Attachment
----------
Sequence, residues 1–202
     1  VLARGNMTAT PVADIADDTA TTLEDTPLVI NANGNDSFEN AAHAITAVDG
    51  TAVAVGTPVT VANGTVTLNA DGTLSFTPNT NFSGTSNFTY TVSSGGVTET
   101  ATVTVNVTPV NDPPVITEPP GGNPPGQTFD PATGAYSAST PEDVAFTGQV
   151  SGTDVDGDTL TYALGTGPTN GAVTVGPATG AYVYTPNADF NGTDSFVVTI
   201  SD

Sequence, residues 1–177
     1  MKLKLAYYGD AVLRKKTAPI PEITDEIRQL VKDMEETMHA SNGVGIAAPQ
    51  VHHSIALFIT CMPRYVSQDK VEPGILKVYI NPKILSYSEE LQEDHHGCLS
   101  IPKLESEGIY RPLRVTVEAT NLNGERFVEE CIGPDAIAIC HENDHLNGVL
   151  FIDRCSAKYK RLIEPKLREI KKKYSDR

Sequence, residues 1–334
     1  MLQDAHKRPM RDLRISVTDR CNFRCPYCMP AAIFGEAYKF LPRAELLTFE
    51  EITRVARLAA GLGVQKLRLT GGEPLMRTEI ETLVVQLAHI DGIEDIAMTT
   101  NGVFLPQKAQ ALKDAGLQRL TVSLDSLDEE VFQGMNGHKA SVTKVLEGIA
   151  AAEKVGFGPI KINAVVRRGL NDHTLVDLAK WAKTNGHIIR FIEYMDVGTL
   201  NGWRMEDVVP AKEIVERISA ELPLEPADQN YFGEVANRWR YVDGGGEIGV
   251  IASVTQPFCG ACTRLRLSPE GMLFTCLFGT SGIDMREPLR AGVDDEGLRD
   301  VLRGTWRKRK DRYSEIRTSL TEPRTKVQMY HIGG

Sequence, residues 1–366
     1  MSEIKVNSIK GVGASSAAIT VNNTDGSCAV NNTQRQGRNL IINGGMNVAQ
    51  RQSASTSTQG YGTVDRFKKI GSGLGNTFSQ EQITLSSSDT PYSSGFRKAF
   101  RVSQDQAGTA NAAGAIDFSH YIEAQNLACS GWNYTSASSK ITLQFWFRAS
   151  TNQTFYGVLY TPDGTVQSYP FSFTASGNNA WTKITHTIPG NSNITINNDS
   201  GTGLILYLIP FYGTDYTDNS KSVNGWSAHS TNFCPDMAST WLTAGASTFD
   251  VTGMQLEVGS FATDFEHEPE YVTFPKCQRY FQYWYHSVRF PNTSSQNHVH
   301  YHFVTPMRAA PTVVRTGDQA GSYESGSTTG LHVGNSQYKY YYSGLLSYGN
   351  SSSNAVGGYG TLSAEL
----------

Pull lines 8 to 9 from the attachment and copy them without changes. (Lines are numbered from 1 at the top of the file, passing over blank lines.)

     1  MKLKLAYYGD AVLRKKTAPI PEITDEIRQL VKDMEETMHA SNGVGIAAPQ
    51  VHHSIALFIT CMPRYVSQDK VEPGILKVYI NPKILSYSEE LQEDHHGCLS